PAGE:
Just a few short weeks after the Brexit vote that shocked the world, many in the UK’s fintech community are asking what implications the exit may have on the sector.
The historic Brexit vote to leave the EU has placed London and the UK’s position as one of the world’s major fintech hubs into a new era of uncertainty.
Several thousand fintech startups base their operations out of the London because of its central place in global finance, access to capital and the EU market, skilled talent pool and innovation driving government regulations. The vote to leave the EU could, however, make these, and other competitive advantages disappear.
While the exact nature and ramifications of the Brexit vote will only be learned after long and drawn out exit proceedings, fintech startups will have to manage uncertainty as part of their operations in the short term.
Fintech is a large sector, which means different parts of the industry will have to face different issues based on the outcomes of negotiations. There will, however, be some common themes that affect most players in the sector. Access to skilled workers, for example, is one of the main reasons for London’s dominance in the fintech space. If Brexit results in a restriction on EU workers ability to live and work in the UK, the fintech sector would be fundamentally impacted.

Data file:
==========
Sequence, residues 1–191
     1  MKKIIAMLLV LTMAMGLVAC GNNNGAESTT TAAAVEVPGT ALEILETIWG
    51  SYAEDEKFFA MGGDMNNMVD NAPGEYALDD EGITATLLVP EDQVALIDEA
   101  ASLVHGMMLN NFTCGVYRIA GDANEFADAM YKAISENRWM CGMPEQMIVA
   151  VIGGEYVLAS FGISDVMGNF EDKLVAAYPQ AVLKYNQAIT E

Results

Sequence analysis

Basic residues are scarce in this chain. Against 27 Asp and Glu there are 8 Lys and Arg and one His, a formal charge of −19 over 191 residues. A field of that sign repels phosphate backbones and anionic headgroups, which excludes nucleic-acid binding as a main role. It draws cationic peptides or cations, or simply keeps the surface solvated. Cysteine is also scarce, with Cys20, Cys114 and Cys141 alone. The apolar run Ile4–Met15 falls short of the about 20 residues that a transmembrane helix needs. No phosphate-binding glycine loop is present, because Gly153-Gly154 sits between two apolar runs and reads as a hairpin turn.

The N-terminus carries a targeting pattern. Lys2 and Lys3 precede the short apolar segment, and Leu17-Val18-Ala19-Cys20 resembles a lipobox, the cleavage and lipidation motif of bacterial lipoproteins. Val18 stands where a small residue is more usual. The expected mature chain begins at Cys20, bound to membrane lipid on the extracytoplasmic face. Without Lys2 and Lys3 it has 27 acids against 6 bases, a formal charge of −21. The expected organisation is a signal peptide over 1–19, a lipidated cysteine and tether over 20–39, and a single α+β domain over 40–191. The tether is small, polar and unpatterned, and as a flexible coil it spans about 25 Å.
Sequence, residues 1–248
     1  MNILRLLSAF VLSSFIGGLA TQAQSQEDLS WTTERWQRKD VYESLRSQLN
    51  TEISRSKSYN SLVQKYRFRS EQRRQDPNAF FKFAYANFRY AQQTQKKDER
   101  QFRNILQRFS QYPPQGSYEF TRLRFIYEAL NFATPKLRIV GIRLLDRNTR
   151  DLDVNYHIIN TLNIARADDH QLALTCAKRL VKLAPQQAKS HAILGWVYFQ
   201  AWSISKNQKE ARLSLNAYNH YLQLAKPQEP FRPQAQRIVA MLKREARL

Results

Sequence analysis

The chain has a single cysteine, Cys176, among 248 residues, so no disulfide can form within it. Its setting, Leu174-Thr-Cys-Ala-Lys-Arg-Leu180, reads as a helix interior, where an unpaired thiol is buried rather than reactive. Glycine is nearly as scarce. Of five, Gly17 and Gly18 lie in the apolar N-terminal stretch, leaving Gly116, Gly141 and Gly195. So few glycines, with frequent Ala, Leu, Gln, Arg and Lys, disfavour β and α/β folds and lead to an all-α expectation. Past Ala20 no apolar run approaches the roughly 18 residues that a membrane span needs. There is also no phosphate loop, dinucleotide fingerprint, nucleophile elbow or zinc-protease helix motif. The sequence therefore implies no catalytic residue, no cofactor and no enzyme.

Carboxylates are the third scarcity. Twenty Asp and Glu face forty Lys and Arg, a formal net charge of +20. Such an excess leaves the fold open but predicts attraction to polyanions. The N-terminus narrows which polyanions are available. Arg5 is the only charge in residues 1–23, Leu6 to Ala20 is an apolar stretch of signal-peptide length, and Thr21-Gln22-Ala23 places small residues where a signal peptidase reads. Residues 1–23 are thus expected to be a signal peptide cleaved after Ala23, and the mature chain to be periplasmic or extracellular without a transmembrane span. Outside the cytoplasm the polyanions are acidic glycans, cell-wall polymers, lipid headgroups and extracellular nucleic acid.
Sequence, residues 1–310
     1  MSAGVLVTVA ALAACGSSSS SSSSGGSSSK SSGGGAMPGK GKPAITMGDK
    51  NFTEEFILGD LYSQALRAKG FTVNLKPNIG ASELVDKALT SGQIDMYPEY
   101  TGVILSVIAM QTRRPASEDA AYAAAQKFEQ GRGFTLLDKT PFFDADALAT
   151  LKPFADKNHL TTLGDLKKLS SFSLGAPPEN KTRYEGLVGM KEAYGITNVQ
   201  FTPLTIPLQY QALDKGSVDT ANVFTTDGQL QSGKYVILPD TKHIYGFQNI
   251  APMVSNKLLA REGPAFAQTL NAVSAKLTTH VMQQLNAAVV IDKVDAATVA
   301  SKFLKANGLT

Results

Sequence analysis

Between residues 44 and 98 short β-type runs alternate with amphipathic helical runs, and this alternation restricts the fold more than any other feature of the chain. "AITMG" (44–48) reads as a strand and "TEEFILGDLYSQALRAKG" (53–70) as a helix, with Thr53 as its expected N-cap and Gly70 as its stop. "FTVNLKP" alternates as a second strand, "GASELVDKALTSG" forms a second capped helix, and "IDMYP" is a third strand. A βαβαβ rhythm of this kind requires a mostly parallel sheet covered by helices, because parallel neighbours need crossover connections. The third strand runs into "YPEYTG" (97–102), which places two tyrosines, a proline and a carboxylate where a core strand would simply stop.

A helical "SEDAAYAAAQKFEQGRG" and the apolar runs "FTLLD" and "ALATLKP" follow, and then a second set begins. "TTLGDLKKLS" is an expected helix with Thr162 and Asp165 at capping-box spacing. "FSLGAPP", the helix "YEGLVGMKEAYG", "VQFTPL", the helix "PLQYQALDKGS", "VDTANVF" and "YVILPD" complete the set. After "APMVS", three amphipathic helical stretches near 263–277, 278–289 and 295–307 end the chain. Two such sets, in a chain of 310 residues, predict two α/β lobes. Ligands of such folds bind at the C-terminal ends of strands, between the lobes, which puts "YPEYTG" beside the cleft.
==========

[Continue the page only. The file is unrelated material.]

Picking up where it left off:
Reactions from fintech entrepreneurs and the wider community at this point remain mixed. In a Wall Street Journal article, Taavet Hinrikus, chief executive and co-founder of TransferWise, a London-based cross-border payments startup said “Nothing’s changed yet, but everything’s changed”.
“This is likely to affect regulation and the movement of talent: two massive issues for business.” he continued.
Other reactions mentioned in the WSJ article included Erik Engellau-Nilsson, global head of communications at Klarna, who said that the Brexit vote has “plunged Britain and the rest of Europe into the unknown.”
Richard Willis, a Brussels-based partner at Alston & Bird LLP’s financial-services group, said that operators would have to wait “to see if the single-market features that the U.K. previously availed itself of as part of the EU will continue to be available in the new regime.”